The weblog below was originally posted on November 2. We received some powerful responses, which convinced us to re-post the article, a look at why people frequently vote against their own material interests, along with a sampling of reader mail. Click here to read three letters--from Texas, Florida and California.
Why do people consistently vote against their self-interest? Consider Alabama, where low-income people, who hardly benefit from tax cuts that jeopardize government services, recently voted down a referendum that tried to shift the burden from overtaxed working people to under-taxed business interests.
Alabama's citizens, as a New York Times editorial comment pointed out, voted "for fewer social services, less education, and a shoddier legal system--to become, that is, more like a third-world nation." Through a decision made by its own residents, Alabama is now entrenched at the bottom of the national rankings in government services.
The national landscape isn't much brighter. Is there some plausible explanation for why Americans support spending more on government programs like education and healthcare, express disappointment that the gap between rich and poor has widened, but then give their support to Bush's tax cuts, which disproportionately benefit the super-rich?
Princeton political scientist Larry Bartels' recent report, Homer Gets a Tax Cut: Inequality and Public Policy in the American Mind, offers some answers. As he points out, there is "a good deal of ignorance and uncertainty about the workings of the tax system" and a failure to connect tax cuts to rising inequality, the future tax burden or the availability of public services. The report also reveals how people are bamboozled by political spin and poor factual information offered up by our infotainment-ized media. (For more on the report, see Alan Krueger's Economic Scene," New York Times Business section, October 15).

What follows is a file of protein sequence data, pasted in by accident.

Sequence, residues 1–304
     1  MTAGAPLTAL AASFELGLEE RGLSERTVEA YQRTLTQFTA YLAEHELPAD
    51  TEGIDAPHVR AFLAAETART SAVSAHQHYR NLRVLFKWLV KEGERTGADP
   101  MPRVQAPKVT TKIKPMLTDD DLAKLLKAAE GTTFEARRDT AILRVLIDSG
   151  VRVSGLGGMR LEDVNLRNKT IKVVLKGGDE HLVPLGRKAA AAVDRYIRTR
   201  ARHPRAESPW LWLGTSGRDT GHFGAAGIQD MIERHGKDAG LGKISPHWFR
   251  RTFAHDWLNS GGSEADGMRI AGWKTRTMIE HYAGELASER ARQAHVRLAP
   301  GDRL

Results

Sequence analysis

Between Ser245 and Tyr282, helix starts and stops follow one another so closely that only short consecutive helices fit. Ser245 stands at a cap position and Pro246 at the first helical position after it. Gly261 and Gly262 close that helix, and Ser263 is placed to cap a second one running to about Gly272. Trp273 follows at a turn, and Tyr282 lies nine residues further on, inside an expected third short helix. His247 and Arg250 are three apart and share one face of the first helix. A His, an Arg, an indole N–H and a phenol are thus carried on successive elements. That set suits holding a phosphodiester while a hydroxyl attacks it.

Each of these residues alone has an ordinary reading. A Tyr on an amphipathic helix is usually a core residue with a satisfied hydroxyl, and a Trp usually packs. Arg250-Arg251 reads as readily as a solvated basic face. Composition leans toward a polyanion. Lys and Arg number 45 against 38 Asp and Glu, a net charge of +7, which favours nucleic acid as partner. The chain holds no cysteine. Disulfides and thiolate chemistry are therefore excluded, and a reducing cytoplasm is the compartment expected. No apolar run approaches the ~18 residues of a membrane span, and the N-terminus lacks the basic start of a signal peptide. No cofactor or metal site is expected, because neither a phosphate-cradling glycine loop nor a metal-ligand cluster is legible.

I think that one reason why people vote against their self-interest is distrust of government. Alabama's low taxes and limited services are, in fact, legacies of this distrust-- fed equally by big business, fake-populists like the late Governor George Wallace and, now, a growing Republican majority.
Indeed, in interviews around the state on the eve of the referendum, voter disgust toward state government was palpable, with most people saying they did not trust legislators to spend taxpayers' money. These fears are fanned by rightwing think tanks like the Heritage Foundation, which have worked assiduously to denigrate government. As anti-government ideologues like Grover Norquist see it, lowering taxes and downsizing government are the way to destroy the social safety net. (Norquist, after all, promotes the idea that government should be shrunk to a size where it can be drowned in a bathtub.) Then there are the consequences of signals people receive from politicians who have made an art of lowering expectations of what government can do even faster than they disappoint them.
Progressives have to take into account the historic libertarian, even anti-government, impulses of most Americans, and accept the role of market forces in many social solutions, but we must also challenge the widespread belief that because government has sometimes performed poorly in recent years, it cannot perform at all.
What's heartening is that even after decades of rightwing government bashing, a progressive domestic agenda is in fact quite popular with voters, as we know from polls and surveys. The problem is that Democrats have not coherently or consistently articulated that agenda, while the Republicans have hammered away with a disciplined message about the phony dangers of "big government." (Matt Miller effectively skewers this message in his valuable new book The Two Percent Solution:Fixing America's Problems in Ways that Liberals and Conservatives Can Love.) And a Murdochized, conglomeratized media too often peddles spin --not factual information that might contribute to citizens acting in their self-interest.
Progressives could begin by articulating a coherent, alternative vision of the purpose and meaning of government. Opposition to the tax cuts is all very good, but for what purpose, to do what?
Let's invoke President Lincoln's injunction that government exists to do what individuals cannot do for themselves. Let's challenge the view that we, as a society, cannot do things together and put forward new and compelling ideas about the role of government and how it can improve our lives. Let's reclaim the ability to articulate why government is a social good, that investments in schools, infrastructure, health care and social services are worth making and that everyone should pay their fair share. And to the wealthy who aren't paying their fair share--ask yourself if you aren't better off being prosperous and paying taxes than going down in the first-class cabins of a sinking ship.